Myzus persicae is one of the most pervasive aphids in the world. In Wallonia, it attacks, potatoes, rapeseed, beetroot and many other vegetables. It causes direct damage, and more importantly, transmits various viruses, which has considerable economic implications. These include potato virus Y and beet yellow virus.
This aphid is also known to have developed various mechanisms of resistance to the main insecticide families, including pyrethroids, carbamates, organophosphates and neonicotinoids, which form the vast majority of insecticides used.
Whilst resistance in Wallonia has long been suspected, its extent remains an unknown quantity. A monitoring programme was conducted by CRA-W in 2016 with the support of the Potato Pilot Centre. The DNA of approximately 200 aphids sampled from potatoes across Wallonia was analysed to detect the presence of specific mutations that conferred resistance to pyrethroids on its carrier (mutations L1014F, M918T and M918L, known as kdr and s- kdr), carbamates (MACE) and/or neonicotinoids (R81T).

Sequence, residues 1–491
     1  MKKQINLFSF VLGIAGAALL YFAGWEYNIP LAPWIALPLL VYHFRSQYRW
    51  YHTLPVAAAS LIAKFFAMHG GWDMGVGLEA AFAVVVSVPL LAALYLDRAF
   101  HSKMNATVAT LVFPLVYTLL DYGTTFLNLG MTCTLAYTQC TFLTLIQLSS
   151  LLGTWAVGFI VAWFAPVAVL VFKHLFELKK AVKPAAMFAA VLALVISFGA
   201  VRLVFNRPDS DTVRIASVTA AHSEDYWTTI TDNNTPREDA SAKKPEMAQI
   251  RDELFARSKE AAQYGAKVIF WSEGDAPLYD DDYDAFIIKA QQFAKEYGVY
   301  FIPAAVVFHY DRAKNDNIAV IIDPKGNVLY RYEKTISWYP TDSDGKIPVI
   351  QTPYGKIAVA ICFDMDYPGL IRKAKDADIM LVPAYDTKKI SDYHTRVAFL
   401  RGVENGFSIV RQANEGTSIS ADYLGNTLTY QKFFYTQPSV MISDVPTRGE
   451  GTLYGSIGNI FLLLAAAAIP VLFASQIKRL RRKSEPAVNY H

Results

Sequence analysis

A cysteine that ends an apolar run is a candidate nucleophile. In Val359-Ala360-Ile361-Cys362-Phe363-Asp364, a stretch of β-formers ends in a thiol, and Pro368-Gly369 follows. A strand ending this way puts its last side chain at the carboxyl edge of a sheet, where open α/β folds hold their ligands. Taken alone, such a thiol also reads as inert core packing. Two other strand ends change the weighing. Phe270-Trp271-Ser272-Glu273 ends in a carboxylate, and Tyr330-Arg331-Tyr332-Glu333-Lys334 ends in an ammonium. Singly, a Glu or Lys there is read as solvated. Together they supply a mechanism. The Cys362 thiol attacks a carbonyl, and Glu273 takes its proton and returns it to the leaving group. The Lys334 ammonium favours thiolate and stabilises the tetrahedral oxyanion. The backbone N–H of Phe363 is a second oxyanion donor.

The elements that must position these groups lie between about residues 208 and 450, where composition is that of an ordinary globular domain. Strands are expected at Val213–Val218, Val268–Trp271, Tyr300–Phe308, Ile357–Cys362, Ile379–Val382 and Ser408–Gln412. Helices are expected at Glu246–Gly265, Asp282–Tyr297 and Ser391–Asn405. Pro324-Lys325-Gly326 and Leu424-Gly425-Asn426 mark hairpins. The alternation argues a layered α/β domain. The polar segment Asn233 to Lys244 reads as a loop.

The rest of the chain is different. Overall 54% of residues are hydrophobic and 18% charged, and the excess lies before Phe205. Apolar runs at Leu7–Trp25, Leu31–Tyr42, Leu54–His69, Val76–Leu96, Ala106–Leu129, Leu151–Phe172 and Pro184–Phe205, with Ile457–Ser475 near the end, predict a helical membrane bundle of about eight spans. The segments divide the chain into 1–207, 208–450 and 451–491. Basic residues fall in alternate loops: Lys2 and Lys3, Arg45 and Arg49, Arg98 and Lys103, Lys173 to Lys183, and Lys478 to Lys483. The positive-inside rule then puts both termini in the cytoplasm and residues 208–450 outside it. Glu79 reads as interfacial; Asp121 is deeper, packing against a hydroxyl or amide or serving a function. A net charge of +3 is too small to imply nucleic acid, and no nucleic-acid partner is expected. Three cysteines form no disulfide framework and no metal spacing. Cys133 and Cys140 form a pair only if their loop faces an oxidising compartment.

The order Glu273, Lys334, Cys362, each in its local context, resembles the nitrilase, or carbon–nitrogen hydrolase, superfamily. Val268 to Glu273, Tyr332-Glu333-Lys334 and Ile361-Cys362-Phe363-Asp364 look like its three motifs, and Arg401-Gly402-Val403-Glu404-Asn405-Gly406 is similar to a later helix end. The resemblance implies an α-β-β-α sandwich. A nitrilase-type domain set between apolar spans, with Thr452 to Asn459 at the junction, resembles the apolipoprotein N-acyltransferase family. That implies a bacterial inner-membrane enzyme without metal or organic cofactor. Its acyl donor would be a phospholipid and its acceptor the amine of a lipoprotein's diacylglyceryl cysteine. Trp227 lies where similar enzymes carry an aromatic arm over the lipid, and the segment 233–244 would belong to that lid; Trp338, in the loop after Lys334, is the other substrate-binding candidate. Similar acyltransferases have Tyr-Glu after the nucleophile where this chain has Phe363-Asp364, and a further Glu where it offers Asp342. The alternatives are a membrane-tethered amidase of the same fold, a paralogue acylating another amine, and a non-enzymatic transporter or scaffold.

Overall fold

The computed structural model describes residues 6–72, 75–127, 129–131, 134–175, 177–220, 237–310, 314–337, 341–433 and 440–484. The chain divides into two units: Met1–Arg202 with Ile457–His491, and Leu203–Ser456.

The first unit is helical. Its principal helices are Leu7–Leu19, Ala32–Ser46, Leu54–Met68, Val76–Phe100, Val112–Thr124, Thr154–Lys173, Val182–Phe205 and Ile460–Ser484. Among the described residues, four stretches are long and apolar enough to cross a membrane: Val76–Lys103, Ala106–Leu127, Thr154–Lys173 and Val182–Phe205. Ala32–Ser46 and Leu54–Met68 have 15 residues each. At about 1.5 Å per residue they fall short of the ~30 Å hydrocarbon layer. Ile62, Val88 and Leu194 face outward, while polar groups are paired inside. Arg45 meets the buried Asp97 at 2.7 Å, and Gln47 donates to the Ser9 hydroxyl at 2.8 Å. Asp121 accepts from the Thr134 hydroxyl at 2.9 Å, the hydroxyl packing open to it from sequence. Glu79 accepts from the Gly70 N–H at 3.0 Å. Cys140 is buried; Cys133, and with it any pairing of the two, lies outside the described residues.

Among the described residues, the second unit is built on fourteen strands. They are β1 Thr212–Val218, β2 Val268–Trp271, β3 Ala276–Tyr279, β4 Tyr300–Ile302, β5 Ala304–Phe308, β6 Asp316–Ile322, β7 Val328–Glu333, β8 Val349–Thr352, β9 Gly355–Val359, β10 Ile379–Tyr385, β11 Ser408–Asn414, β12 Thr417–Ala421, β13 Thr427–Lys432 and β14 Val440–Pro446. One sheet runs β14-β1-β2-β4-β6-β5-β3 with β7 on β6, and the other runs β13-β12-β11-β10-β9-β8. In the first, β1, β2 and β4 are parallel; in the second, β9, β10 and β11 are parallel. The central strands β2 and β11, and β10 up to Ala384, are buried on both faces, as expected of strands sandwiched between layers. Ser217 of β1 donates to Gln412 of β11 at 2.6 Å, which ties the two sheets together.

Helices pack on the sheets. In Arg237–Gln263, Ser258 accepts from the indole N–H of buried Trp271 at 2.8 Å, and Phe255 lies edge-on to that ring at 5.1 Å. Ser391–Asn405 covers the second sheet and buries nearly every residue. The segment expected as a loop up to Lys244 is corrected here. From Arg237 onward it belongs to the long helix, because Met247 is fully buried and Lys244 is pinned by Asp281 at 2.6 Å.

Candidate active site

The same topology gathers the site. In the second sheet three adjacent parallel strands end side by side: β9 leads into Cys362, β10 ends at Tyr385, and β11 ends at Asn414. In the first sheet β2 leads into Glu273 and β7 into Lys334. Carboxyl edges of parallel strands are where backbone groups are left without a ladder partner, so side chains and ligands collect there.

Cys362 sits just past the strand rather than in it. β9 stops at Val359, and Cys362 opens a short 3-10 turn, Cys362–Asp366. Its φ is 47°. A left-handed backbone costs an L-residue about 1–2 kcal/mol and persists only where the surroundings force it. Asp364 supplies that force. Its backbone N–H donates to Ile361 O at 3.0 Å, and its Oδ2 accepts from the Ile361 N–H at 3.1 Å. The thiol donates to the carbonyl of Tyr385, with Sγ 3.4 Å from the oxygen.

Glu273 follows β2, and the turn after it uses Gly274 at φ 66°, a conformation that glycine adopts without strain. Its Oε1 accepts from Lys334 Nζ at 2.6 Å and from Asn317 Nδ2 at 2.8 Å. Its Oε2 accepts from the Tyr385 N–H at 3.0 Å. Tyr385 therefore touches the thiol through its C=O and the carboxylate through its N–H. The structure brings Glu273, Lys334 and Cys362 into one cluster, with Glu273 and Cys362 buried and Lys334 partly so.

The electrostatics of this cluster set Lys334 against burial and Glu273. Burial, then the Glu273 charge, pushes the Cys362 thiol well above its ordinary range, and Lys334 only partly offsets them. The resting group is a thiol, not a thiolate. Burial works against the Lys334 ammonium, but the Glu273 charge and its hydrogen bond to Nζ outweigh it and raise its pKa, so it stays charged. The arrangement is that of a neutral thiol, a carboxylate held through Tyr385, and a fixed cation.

The results indicate that less than 2% of the aphids tested show no resistance. A highly significant resistance to pyrethroids is demonstrated, with over 98% of the aphids carrying at least one of the three known mutations, and some aphids carrying several of these mutations at the same time. Carbamate resistance is also observed, with approximately 40% of the samples being positive. On the other hand, no aphids were found to be carriers of the mutation conferring resistance to neonicotinoids.
The frequency of pyrethroid resistance presents a challenge, especially when we consider that 25 of the 35 products used to control virus transmission in potatoes belong to this family, and that these insecticides are marketed as an alternative to neonicotinoids in beetroot to fight against transmission of yellow viruses.